Dear all,
A recent task that I had to perform involved rewriting a large number of
scripts and files from MATLAB to Python. In the process I noticed that
Scipy lacks a PDE solver. When I tried to find alternatives, the options
found were all unusable for various reasons.
I wrote a solver which solves slab symmetric problems with a similar PDE
form to that which MATLAB’s pdepe solves, namely c(x,u,t,du/dx)(du/dt) =
(d/dx)(f(x,u,t,du/dx) + s(x,u,t,du/dx) using the method of lines approach,
finite differences, and the BDF method provided by solve_ivp.
I was wondering whether there would be some interest in adding the solver
under scipy.integrate, to begin building a part of a collection. I feel
that for very simple problems such as the ones that my solver can solve,
users shouldn’t need to turn to overly complex packages.
If there is interest, I would need to clean up the code and add tests and
stability checks to it, help/advice would be appreciated. I believe BDF
already has stability in the time grid, so I would only need to check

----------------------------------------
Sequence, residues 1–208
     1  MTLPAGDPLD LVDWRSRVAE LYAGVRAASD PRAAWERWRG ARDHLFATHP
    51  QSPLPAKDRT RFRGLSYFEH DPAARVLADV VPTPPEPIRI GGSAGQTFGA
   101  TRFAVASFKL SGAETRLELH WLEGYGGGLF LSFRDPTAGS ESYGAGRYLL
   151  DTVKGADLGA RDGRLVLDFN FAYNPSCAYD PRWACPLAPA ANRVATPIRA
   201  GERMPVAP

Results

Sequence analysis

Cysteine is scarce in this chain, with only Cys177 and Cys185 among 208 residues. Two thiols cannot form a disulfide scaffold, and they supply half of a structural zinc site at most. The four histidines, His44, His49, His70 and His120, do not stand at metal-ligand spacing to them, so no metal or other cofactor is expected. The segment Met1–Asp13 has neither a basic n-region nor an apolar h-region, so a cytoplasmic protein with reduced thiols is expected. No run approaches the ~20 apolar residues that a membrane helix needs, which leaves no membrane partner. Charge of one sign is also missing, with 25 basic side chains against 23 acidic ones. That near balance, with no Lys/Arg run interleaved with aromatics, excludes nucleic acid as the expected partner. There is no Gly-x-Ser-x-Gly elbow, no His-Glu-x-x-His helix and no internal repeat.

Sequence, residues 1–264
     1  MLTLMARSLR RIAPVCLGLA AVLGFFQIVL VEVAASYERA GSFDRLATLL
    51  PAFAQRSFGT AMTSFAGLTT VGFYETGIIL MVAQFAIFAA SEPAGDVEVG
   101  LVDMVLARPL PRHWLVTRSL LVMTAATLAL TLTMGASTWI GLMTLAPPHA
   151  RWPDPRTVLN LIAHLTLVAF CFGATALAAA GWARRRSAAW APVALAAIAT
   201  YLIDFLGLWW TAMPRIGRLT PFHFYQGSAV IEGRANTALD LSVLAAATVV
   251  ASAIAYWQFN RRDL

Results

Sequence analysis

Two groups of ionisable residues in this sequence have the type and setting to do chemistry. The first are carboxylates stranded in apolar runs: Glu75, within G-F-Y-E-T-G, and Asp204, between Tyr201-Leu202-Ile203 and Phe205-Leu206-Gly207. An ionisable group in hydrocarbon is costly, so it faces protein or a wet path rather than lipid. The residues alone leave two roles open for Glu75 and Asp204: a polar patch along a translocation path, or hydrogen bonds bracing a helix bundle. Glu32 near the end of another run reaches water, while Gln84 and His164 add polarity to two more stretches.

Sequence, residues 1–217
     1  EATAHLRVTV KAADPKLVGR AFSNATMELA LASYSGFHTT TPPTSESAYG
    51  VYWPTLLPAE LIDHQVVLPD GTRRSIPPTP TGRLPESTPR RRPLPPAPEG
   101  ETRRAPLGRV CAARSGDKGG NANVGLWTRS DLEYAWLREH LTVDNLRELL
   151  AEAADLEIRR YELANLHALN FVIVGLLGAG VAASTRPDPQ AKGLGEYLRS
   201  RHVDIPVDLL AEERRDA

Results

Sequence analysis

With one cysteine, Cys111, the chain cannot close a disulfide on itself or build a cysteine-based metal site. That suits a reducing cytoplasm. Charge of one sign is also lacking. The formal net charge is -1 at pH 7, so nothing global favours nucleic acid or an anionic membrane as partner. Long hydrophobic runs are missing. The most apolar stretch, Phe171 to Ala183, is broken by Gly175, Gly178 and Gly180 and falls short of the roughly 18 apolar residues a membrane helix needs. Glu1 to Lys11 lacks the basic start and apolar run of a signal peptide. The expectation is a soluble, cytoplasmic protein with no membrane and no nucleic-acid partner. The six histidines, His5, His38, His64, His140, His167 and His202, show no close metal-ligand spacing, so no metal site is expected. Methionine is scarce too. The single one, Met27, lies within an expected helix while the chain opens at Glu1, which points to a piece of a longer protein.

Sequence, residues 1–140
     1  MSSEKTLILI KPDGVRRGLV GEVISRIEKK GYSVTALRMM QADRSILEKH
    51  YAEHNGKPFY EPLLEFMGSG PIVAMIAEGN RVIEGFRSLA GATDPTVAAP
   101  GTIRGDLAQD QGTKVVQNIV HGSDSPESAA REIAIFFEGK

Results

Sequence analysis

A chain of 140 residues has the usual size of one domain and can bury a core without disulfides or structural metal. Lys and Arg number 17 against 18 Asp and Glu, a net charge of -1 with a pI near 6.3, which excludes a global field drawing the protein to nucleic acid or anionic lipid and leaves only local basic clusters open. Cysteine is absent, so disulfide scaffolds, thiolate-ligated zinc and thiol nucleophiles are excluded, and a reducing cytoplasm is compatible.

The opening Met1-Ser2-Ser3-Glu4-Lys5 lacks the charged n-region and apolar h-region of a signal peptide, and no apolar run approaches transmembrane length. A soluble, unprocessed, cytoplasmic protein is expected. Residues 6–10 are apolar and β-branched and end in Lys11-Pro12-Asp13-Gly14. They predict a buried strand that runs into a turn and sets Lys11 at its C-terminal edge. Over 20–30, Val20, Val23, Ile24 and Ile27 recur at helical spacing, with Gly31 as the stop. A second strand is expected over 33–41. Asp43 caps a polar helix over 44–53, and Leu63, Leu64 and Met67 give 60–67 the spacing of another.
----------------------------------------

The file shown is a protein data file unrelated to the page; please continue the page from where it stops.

stability in space grid? Can someone confirm? I’d also like to move a large
chunk of the code to Cython since I wrote it in native Python and used
Numba to speed it up, which still makes it rather slow. I’ve worked in C
and Python before but never in Cython, could someone provide me with a link
to get started?
As far as legal issues go, there should be no concern – I explicitly
avoided looking at and using the MATLAB source code as a reference since I
wanted to leave publishing the solver under Scipy an option. I did use
their solver to check some of the solutions that my solver produced though.
The solver was written while working for the ETH Zurich, where my
supervisor responded very enthusiastically to the possibility of providing
the solver to the public under Scipy, so there should be no issues there
either.
All the best,
Nicolas